By Brian Hilton, Emergency Management Coordinator
Saturday’s tornado in nearby Franklin destroyed much of the town with winds of 136-165 mph. Fortunately, only about a dozen minor injuries were reported, but the dangerous EF-3 twister served as another wake-up call for the Bryan-College Station community.
As if we needed another warning.
Texas leads the nation with an average of 137 tornadoes each year, and more than 60 percent of these storms occur from April to June.
Only three years ago, a tornado battered several neighborhoods along a two-mile path in Bryan, damaging more than 150 homes. In December 2006, a twister moved south to north for five miles across central College Station and did considerable damage along FM2818, Southwest Parkway, and Texas Avenue.
The National Weather Service rated both of those tornadoes as EF-1 on the Enhanced Fujita Scale, with winds estimated at 110 miles per hour. Since 2000, Brazos County has experienced about a dozen EF-0 or EF-1 tornadoes.
While our community has had its share of funnel clouds and tornado scares over the years, we’ve managed to escape any loss of life or catastrophic damage. In fact, straight-line winds and microbursts have caused more property damage here than twisters.
Although strong tornadoes are uncommon in our area, Saturday’s storm in Franklin reminds us that powerful tornadoes can happen here. And as the 2016 Bryan tornado proved, even small twisters have the potential to be violent.
Those storms are vivid reminders of why it’s important to know how to prepare and react to a tornado. These links provide in-depth information about what to do before, during and after a tornado:
National Weather Service videos:
- Get Weather Ready: Before a Tornado
- Get Weather Ready: During a Tornado
- Get Weather Ready: After a Tornado
Bryan and College Station do not have outdoor tornado sirens. College Station voters defeated a proposition to fund sirens in the 1990 bond election.
When severe weather approaches, pay close attention to local radio and television stations. They do an excellent job of providing pertinent information, including tornado watches and warnings issued by the National Weather Service, but tornadoes can occur even if a watch or warning has not been issued.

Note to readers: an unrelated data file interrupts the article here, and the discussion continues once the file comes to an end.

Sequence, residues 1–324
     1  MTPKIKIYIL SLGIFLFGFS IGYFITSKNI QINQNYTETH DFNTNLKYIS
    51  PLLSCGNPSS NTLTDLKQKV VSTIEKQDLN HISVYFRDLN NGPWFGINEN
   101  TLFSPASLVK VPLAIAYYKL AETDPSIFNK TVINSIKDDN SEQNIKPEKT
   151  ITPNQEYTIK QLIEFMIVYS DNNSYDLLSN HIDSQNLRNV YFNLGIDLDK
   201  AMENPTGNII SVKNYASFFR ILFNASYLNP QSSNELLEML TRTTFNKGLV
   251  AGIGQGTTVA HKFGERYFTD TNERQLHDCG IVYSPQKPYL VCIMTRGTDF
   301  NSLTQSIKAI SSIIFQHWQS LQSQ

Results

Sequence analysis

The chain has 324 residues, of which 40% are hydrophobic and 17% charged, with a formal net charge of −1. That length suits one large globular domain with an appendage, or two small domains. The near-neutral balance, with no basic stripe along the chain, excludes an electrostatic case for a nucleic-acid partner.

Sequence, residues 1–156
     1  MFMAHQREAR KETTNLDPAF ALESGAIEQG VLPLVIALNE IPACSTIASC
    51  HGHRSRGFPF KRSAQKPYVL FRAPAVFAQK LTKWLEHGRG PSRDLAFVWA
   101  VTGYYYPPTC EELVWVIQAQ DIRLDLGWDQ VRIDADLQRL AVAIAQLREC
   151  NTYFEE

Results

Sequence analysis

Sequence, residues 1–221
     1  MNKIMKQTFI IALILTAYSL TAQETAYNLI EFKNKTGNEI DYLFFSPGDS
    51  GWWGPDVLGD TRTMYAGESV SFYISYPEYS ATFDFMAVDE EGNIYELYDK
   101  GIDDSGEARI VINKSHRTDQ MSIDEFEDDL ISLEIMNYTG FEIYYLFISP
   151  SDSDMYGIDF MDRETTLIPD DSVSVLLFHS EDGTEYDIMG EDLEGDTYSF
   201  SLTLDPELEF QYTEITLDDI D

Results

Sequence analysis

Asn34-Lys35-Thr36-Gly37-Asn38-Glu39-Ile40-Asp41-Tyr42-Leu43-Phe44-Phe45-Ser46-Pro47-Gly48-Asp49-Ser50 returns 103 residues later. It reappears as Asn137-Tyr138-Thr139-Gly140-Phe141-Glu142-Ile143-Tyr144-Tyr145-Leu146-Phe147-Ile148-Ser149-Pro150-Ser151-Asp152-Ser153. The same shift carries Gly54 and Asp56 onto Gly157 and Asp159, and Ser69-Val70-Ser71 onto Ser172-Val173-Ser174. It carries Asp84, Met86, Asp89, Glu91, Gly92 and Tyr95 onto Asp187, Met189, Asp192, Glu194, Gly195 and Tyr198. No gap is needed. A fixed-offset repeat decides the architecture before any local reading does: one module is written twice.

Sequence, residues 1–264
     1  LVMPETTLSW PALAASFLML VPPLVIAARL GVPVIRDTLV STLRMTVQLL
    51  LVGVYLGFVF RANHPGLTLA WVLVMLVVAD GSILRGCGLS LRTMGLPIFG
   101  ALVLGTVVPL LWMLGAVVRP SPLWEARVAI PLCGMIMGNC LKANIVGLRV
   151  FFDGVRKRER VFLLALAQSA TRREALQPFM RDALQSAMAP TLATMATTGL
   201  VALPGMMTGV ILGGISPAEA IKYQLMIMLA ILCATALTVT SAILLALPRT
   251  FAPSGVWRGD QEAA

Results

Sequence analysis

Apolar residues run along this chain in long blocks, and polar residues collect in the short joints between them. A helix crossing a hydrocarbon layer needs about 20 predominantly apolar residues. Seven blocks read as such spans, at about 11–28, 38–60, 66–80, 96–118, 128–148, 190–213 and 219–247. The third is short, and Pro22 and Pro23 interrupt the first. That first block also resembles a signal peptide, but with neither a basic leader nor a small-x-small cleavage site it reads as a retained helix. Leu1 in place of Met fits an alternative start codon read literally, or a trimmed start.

In any emergency, always listen to the instructions given by local emergency management officials. If a violent storm approaches the Bryan-College Station area, these are the best ways to monitor events and get timely information:
- Own a NOAA Weather Radio: The radio’s alarm tone will automatically activate when a warning is issued by the NOAA National Weather Service. NOAA Weather Radio is also available as a smartphone app.
- Monitor local television and radio stations: They broadcast Emergency Alert System messages, watches and warnings, and other vital information.
- Brazos County Emergency Notification System: The system notifies citizens of local emergencies that occur day or night on their cell phones and landlines. To register your mobile phone number to receive notifications, go to brazosceoc.org/alerts.
- Code Maroon: To register to receive Texas A&M’s Code Maroon alerts by email or text message, go to codemaroon.tamu.edu.
- Blogs: City of College Station, Community Emergency Operations Center.
- Twitter: City of College Station (@Cityof CS), City of Bryan (@CityofBryan), Texas A&M Code Maroon (@TAMUCodeMaroon).
- Facebook: Brazos County Community Emergency Operations Center, City of College Station, City of Bryan.
- Websites: City of College Station Emergency Management, Brazos County Department of Emergency Management, City of Bryan Emergency Management, Texas A&M Emergency Management, Federal Emergency Management Agency, NOAA Storm Prediction Center, American Red Cross.
Recommended Mobile Apps
Some useful mobile apps are available for smartphones and tablets. Many of these have emergency alert capabilities. Here are some recommended apps that you can find in your favorite app store:
- American Red Cross Tornado App
- NOAA Weather Radio
- NOAA Radar Pro
Just because tornadoes have been rare in our area doesn’t mean we shouldn’t be vigilant and well-prepared. Tornadoes are nature’s most violent storms, and we should always stand ready to handle whatever comes our way.
About the Blogger
Brian Hilton has been the City of College Station’s emergency management coordinator since 2003 when he retired as sergeant first class after 20 years in the United States Army. He also serves on the Homeland Security Advisory Committee for the Brazos Valley Council of Governments. A native of Fort Wayne, Ind., Hilton attended Columbia College in Columbia, Mo.
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